Journal of the House of Commons: Volume 5, 1646-1648. Originally published by His Majesty's Stationery Office, London, 1802.
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Die Mercurii, 24 Maii, 1648.
Duke of York.
ORDERED, That, on Saturday Morning next, the Report concerning the Duke of York be made.
Tumults in Kent.
Several Letters and Informations out of the County of Kent were read, giving notice of Risings in divers Parts of that County.
Ordered, That the Letters, Informations, and Desires, out of Kent, be referred to the Committee at Derby House; and likewise the Desires and Informations of Colonel Temple, Captain of Tilbury Fort, be referred to the Consideration of the Committee at Derby House: Who are presently to withdraw, and give Order for some present Force to be sent into that County, for a speedy Remedy and Redress of those Evils and Risings; Consideration being had to the Business of the North.
The Gentlemen of Kent, and Colonel Temple, are likewise to repair to the Committee, to give their best Advices in this Business.
Defence of Sussex.
Resolved, &c. That all the Gentlemen of this House, that are of the County of Sussex, be desired forthwith to go down into that County, to employ their best Endeavours for the Defence and Preservation of that County, and the Peace thereof.
Declaration of Kent, &c.
A printed Paper, intituled, "The joint Declaration of the several Counties of Kent, Essex, Middlesex, and Surrey, unto the Soldiers of the Army now under the Command of the Lord Fairefax," was read; and ordered to be referred to the Consideration of the Committee at Derby House.
It is further Ordered, That it be referred to the Committee for Printing, to consider, and find out, Who was the Printer, Contriver, and Promoter of this printed Paper.
Ordered, That the Petition now delivered in, concerning Colonel James Temple, be read on Saturday Morning next.
Tumults in Kent.
A Message from the Lords, by Mr. Hakewell and Mr. Page;
The Lords have received these Reports from the Committee at Derby House, touching the appeasing the Stirs in Kent: The Lords have declared their Sense upon it; and desire the Concurrence of this House therein.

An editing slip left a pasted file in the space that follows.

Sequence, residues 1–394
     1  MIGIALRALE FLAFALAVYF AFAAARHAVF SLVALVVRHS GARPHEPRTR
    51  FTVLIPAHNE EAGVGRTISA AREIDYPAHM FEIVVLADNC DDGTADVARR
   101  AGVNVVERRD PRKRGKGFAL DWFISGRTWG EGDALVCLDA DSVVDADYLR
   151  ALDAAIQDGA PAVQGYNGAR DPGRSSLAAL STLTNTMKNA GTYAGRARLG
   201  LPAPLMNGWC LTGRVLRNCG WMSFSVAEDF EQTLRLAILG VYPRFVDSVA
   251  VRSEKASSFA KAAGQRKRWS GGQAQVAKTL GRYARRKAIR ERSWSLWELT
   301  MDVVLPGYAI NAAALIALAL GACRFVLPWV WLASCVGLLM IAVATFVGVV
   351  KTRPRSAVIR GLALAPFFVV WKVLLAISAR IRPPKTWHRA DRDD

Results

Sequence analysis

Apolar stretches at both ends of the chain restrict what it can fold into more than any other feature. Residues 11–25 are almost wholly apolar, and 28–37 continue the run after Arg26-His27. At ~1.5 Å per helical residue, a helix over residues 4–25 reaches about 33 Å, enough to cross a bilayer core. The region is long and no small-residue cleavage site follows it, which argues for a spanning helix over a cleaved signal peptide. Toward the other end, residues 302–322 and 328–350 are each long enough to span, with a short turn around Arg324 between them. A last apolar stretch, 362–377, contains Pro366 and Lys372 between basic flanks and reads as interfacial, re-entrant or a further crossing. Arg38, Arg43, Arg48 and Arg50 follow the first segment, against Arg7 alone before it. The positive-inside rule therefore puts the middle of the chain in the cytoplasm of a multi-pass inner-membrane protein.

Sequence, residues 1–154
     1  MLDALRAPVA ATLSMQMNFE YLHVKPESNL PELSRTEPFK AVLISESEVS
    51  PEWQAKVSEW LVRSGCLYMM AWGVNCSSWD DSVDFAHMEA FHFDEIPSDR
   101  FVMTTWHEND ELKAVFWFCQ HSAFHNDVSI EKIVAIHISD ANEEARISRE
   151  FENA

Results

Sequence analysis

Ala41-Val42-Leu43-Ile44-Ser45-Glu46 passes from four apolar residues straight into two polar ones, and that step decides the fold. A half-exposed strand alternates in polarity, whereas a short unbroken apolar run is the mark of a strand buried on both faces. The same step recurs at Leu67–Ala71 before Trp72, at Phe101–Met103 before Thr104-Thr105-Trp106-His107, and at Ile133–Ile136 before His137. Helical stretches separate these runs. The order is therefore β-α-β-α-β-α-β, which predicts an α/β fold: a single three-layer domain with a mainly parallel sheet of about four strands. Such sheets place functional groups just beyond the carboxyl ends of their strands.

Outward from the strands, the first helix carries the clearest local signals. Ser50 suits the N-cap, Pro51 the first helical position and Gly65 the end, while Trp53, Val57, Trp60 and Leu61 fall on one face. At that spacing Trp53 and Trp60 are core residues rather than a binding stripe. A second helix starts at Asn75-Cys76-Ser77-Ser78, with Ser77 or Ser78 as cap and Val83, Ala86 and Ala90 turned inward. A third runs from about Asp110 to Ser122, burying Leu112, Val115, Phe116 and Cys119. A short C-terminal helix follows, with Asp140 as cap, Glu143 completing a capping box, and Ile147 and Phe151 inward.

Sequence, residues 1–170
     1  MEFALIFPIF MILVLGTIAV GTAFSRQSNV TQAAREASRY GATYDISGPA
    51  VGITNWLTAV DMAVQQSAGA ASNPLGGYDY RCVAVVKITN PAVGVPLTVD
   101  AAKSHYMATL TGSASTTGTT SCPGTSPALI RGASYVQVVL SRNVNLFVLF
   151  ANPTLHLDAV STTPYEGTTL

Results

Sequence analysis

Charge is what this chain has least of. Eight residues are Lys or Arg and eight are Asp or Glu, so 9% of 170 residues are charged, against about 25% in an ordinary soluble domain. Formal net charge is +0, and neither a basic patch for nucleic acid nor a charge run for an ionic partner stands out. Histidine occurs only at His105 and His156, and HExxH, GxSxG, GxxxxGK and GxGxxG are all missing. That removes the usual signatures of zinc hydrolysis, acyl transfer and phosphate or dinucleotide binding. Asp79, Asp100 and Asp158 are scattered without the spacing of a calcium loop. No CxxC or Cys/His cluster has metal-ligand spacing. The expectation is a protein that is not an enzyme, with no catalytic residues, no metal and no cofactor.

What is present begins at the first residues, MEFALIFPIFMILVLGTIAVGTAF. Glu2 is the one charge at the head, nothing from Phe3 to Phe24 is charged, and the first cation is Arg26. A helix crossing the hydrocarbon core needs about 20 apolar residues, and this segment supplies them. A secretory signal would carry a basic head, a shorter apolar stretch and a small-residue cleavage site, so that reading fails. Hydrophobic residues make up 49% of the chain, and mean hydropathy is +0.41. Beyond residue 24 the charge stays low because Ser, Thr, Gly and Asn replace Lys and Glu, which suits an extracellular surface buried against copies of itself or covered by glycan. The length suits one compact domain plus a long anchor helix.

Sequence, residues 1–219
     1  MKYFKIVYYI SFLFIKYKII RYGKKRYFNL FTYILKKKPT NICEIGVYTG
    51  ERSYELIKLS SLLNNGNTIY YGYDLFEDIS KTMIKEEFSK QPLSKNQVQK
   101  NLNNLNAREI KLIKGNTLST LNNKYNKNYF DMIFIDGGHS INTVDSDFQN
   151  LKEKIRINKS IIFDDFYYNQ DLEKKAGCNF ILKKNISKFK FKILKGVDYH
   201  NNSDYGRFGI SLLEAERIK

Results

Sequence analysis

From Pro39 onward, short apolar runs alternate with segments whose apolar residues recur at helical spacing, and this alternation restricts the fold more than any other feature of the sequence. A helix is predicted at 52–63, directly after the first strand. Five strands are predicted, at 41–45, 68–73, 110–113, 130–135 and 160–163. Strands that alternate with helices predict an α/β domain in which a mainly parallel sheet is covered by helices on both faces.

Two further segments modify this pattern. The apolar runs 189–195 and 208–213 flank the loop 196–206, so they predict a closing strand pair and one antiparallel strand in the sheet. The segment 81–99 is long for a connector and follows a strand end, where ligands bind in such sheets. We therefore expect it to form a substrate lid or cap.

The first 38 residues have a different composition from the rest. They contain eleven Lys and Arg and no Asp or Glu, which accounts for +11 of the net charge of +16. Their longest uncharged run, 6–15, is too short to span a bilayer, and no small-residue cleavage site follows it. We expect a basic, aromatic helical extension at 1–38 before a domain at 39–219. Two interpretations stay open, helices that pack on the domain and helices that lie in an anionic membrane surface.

The Report from the Committee at Derby House, and the Paper presented to that Committee this Day by the Earl of Thanett, concerning Means to appease the Tumult in Kent, being the same with that reported by Sir Gilbert Gerard, were read.
The Lords Sense upon this Report was likewise read.
The Paper presented by the Earl of Thanett to the Committee of Derby House, for the appeasing the Tumult now in Kent, and reported from that Committee, was in hæc verba; viz.
1. That they have Liberty to present their Petition to the House.
2. That the greatest Cause of this Concourse and Rising is, because some have affirmed, and given cut, that, of such as shall have subscribed the Petition, there shall Two in a Parish be hanged: And therefore, if some Course were taken to give Satisfaction unto them, that no such Thing was affirmed by the House, nor no Authority given any Person by the House, for to affirm so much; and that if it be made good against any Man, he should be called in Question for it, or for such Words of that Nature; it would be a great Means to settle their Distractions there.
3. That, upon their immediate Disbanding, and Departing home quietly, there shall be an Act of Indemnity for them all.
The Lords Sense upon this Paper, reported from the Committee at Derby House, sent in this Message, was read; and, upon the Question, assented unto; and was in hæc verba; viz.
"That the Lords do think sit that these Disorders in Kent may be quieted in a fair Way, if it be possible: In order to which, they do approve of the sending down of the Earl of Thanett into Kent: And that Instructions be given him in pursuance of these Heads: And that it be referred to the Committee at Derby House, to draw up the Instructions accordingly."
Treaty with the King.
The Question was propounded, That, Religion and the Militia being first settled, and the Declarations, &c. being recalled, then a Treaty to be had with the King upon other the Propositions sent to the King at Hampton Court: And that the House do consider, To-morrow Morning, How Religion and the Militia shall be settled; and the Declarations recalled.
And the Question being put, Whether this Question should be now put;
It passed with the Affirmative.
The Question being put, That, Religion and the Militia being first settled, and the Declarations, &c. being recalled, then a Treaty to be had with the King, upon the Propositions sent to the King at Hampton Court; and that the House do consider, To-morrow Morning, How Religion and the Militia shall be settled, and the Declarations recalled;
The House was divided.
The Yeas went forth.
|Colonel Bossevile,||Tellers for the Noe:||36.|
|Colonel Sednham,||With the Noe,|
|Lord Cramborne,||Tellers for the Yea:||169.|
|Sir Thomas Dacres,||With the Yea,|
Resolved, &c. That Religion and the Militia being first settled, and the Declarations, &c. being recalled, then a Treaty to be had with the King, upon other the Propositions sent to the King at Hampton Court: And that the House do consider, To-morrow Morning, How Religion and the Militia shall be settled, and the Declarations recalled.